Mediation Services | Conflict Resolution Mediators

workplace Mediation Servicesby McArdle Legal’s Sydney Mediation Pitt St

The emergence of mediation as the principal initial means of resolving litigation has now reached the stage of being irreversible.

A basic priority of the legal system has traditionally been to encourage settlement, but this has been underlined over the last decade or so by the appearance of compulsory mediation in most jurisdictions.

We conduct mediations, producing enforceable agreements. On the other hand, we also supply just rooms for private meetings, or for formal sessions with appropriate specialist mediators (whether or not appointed through our service).

Mediation should not be only seen as an obligation. It is in fact an opportunity for parties to disputes, and their lawyers or families, to resolve matters efficiently and discretely. It is in the public interest, as well as the private interest of parties, to minimise the trauma, time and expense that are an inevitable part of legal disputes.

McArdle Legal, through our associated service, Sydney Mediation Pitt St, puts into practice our commitment to mediation.

The mediation facility at 192 Pitt St, is on the corner of Market St, across the street from the AAT and within a few minutes’ walk from most courts and tribunals; it is available on a full service basis.

The facility at 192 Pitt St is designed to meet your needs, whether you are a party to a dispute, a practitioner representing a party, or a practising mediator.

Contact David Adams on 02 8262 6200 for full information and booking arrangements.

Mediation and Conflict Resolution Process

Purpose of  mediation is to bring people together to the same negotiating table with an objective of resolving the dispute. As with any mediation process, mediators assist two or in some cases more parties to achieve a practical agreement that is ideally in the best interest of all involved. This solution must also conform to any organisational policies and applicable industrial laws. During the mediation process, both parties are encouraged to talk openly and present all the available information to ensure honesty and openness.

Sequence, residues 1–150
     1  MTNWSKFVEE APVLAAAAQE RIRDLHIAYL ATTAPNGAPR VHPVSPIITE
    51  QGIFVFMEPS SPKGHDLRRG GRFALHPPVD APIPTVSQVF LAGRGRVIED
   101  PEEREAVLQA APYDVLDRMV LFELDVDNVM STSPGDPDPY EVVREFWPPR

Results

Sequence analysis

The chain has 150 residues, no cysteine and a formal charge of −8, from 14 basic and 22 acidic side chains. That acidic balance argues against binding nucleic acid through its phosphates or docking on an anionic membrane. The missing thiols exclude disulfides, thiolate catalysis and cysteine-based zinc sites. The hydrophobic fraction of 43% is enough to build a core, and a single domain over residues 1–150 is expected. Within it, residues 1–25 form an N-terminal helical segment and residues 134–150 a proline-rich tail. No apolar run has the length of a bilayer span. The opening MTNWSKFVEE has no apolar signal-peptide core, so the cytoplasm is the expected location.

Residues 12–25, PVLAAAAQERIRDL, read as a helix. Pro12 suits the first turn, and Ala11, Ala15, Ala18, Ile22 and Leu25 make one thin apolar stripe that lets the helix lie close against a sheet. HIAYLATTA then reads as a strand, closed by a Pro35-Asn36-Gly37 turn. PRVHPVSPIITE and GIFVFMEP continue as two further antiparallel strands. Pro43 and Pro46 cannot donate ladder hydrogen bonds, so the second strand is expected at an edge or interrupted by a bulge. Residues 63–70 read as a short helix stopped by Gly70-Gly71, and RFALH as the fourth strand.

Some of the more common sources of conflict in the workplace for example are due to differences in needs and wants, perceptions, values, knowledge and expectations. Lack of recognition, control or respect in addition to the more obvious instances of harassment and bullying can all be causes of conflict at work. These factors normally result in either employment termination or an employee taking a position; both of these common scenarios could lead to a dispute situation where an employee is claiming an unfair dismissal or an employer taking disciplinary action against employee’s position.

Workplace disputes can be complex involving more than two parties such as the cases of assisting workgroups, management teams or entire offices to identify issues and resolve disputes. While workplace mediators will most likely be experienced in employment and industrial law, their role as mediators requires them to abstain from taking any sides during the mediation process.

In a case of an lawyers acting as mediators, it is obvious that there must be no conflict of interest, i.e. these mediators must not be representing any of the parties legally. As with any conflict resolution, mediator’s position is not to provide any industrial or legal advice. The core function of any mediator during the meeting is to assist parties in clearly identifying issues in dispute distinguishing the needs from wants, encourage the dialog, work out and present the options and finally reach the agreement that is subsequently recorded in the mediation report.

As the goal of a good mediation process is to reach a workable agreement for all parties involved, it is not uncommon for mediation to yield general recommendations to management about possible changes to HR policies and workplace procedures with a view of avoiding the disputes in the future.

Although it is technically possible to use an in-house expert for workplace mediation such as the human resource staff or a CEO, this creates difficulties regarding lack of neutrality and confidentiality. Such in-house conciliator or arbitrator may be influenced by previous experiences, knowledge, loyalties and alliances making them possibly biased or at least they may be perceived as biased by the disputed parties. Workplace mediation that is processed by an external mediator will more likely be fair, objective, confidential and independent.

McArdle Legal mediators are now qualified and independent mediation facilitators with a dedicated office in the Sydney CBD. Don’t wait, CALL TODAY.

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